You also get a lot of shots and no one is ever fishing for them. Lots of shots is good, because their aforementioned infuriating apathy to flies means you need all those to get a bite. In a perverse way this is also one of the addicting things about carp fishing, but you still need to know that they could bite. For that to happen you need to catch one now and then, or at least watch your buddy do so. In the end it’s sight fishing on a hot summer day to fish that more than likely will not take your offering for whatever reason. I know I could be catching fish somewhere else; I know this is pretty much a ridiculous waste of time, but for those exact reasons, strangely enough, carp will continue to have this and my future summers.
Fly Fishing Padre
My leader looks a bit gnarly: 5x tied directly to 3x. The connecting knot does not help the look of the thing. My blue shirt has a large dark spot on the front where the cap of a floatant bottle somehow unscrewed itself and screwed me. I wonder if this now makes my shirt a flotation device. My felt hat has a feather from my first turkey – a feather that once was straight and true but now resembles a cat’s toy.
I have just finished two masses and delivered a homily that I’ve been praying and working over since last Sunday. The summer day has been boiling and the un-air condition churches seem like an oven under all the layers that a priest wears. This is the second week at these new parishes and I have been surrounded by Germans. My people, but returning to country Germans after being in a city surrounded by Irishmen, it’s a bit of a jarring experience. Stoic faces seem to glare back at me as I attempt to put meaningful thoughts into words about the readings and Gospel of the day. The glances leave me wondering if I have presented my Lord well to the Good people of this farmland.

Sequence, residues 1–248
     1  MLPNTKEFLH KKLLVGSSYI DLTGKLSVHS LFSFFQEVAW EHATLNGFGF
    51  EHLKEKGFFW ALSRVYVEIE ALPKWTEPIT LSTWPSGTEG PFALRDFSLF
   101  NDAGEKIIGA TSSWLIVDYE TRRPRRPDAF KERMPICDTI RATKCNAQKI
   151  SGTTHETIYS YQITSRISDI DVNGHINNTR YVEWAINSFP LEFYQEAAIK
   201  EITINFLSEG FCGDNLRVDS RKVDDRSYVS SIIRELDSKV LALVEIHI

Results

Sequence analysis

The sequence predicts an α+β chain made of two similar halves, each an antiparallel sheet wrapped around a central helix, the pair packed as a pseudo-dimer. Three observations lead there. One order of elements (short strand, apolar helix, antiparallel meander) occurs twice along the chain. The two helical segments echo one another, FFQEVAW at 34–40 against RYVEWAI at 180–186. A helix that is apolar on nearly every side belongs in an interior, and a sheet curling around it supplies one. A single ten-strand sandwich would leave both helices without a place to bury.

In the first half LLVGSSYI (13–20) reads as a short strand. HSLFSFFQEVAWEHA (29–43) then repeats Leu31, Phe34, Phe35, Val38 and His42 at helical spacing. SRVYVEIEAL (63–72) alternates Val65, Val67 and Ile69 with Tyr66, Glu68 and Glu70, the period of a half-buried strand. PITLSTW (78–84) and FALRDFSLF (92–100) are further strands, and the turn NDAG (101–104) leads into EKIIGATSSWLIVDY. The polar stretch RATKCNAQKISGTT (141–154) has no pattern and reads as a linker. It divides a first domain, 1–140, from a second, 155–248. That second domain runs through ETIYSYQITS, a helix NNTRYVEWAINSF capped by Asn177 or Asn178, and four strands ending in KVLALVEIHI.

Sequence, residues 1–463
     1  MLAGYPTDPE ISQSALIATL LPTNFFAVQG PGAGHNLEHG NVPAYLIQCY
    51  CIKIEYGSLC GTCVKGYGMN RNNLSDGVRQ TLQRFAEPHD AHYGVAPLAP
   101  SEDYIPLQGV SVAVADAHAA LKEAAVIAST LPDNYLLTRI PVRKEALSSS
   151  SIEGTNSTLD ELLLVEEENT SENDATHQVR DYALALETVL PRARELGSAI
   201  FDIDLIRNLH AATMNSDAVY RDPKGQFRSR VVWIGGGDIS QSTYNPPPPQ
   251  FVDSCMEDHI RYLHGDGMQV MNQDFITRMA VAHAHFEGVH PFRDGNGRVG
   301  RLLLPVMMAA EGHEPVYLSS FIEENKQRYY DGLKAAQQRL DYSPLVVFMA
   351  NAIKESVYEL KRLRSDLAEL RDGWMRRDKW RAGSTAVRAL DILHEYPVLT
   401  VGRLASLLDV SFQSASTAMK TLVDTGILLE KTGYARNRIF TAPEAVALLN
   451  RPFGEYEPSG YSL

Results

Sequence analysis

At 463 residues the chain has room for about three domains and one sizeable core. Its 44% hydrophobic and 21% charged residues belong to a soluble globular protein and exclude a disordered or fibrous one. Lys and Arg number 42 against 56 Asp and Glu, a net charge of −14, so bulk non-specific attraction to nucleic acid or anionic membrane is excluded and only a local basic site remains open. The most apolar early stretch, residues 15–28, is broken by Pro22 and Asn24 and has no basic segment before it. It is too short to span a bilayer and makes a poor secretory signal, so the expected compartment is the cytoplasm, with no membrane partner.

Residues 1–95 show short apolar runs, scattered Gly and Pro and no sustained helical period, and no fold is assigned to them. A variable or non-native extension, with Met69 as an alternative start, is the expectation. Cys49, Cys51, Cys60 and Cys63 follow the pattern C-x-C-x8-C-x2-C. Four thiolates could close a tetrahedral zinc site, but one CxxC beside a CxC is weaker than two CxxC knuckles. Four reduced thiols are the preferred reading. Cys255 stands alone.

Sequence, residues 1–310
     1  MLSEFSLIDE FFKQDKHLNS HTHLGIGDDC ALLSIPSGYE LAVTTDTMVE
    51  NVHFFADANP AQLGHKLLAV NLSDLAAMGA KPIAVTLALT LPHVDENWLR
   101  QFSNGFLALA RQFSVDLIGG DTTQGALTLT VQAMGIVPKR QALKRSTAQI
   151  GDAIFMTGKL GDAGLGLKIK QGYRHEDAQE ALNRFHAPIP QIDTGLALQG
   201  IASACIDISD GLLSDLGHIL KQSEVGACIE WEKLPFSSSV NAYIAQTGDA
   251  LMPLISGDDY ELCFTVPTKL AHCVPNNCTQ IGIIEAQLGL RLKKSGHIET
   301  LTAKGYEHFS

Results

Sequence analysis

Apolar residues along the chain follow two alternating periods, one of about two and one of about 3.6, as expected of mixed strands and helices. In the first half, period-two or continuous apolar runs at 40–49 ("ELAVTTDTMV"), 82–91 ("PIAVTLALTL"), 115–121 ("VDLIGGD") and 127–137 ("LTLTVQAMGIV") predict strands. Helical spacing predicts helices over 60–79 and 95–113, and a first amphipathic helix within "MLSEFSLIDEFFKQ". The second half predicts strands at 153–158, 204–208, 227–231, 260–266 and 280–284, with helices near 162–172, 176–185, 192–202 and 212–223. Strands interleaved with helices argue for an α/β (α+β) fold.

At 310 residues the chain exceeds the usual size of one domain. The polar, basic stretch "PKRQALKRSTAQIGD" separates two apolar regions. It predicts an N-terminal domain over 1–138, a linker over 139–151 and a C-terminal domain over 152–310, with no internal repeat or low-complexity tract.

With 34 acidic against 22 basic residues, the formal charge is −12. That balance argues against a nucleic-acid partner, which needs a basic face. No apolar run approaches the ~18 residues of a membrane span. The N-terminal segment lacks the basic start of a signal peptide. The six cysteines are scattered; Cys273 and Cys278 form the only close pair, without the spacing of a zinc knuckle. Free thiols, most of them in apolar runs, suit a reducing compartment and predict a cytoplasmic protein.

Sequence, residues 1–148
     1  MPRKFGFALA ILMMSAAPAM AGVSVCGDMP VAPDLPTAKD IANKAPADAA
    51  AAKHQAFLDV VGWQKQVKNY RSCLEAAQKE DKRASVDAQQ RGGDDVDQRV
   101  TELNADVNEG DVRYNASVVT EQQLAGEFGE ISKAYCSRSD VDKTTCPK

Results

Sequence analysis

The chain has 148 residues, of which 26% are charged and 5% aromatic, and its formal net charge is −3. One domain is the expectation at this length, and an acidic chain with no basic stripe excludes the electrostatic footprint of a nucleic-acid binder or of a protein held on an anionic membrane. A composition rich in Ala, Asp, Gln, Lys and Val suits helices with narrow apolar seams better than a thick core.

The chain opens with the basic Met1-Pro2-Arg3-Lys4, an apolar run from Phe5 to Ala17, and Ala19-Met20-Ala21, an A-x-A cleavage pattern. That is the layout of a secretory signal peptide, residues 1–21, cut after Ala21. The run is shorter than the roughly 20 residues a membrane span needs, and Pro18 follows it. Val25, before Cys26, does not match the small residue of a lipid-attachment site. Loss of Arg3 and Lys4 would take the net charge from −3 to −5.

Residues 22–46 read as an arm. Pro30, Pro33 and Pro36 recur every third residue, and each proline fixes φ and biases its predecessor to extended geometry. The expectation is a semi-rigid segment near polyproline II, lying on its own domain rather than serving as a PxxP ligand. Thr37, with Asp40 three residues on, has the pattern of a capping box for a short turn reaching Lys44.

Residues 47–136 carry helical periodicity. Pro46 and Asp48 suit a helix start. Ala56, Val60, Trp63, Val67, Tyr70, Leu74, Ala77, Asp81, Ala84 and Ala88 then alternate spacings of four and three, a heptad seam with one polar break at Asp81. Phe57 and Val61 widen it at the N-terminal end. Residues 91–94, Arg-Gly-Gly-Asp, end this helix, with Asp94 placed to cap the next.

I wandered back to the rectory – a tall red brick building located next to the red brick church, both over a hundred years old. Across the way is a small pond that I looked at last week but did not test, but instead chose to have a drink and smoke with a local priest friend at his rectory.
This week is different. The thirsty fields have gotten their fill of rain today, with a little hail thrown in for good measure. The small storms are past and all that is left is a cooler evening and damp grass. I string up the rod and tie on a fly that I made last Sunday and make my way to the pond. Aside from a couple of patches, it is clear of moss and the insects are stirring on the surface. A turtle pops its head out of the deep brown water only to recoil and flee the moment it sees me.
Two good ol’boys were here earlier with their can of worms and ugly sticks. They didn’t seem to do well and my expectations are low. My first cast is good for not having touched the rod in well over a month… now that I come to think of it, almost two months. This is really the first chance to fish since it got warm; life has been everywhere but anywhere these past months. I am still surprised that no takes were had on the first retrieve and the second is the same. On the third cast I let the fly sit and I see a small black mass that resembles a blue gill come to inspect it as it dangles between two worlds. Then there is a small thhhhmp. The line goes straight then limp. It happened so quickly I had no time to react; a barely perceptible take that somehow reminds me of the people I am here to serve.
~ Fly Fishing Padre
“Flatswalker’s Journal, March 2010. We descend into paradise to look for the Grey Fox, but we also find a wolf…”
Do it yourself (DIY) fly fishing leads to an unusual discovery for this small group of anglers at an undisclosed location in the Caribbean. Barracudas (the Wolf) are on the attack and bonefish (the Grey Fox) scatter everywhere. Nevermind, they leave that flat well alone and continue their search for bonefish on the flats… and they find some.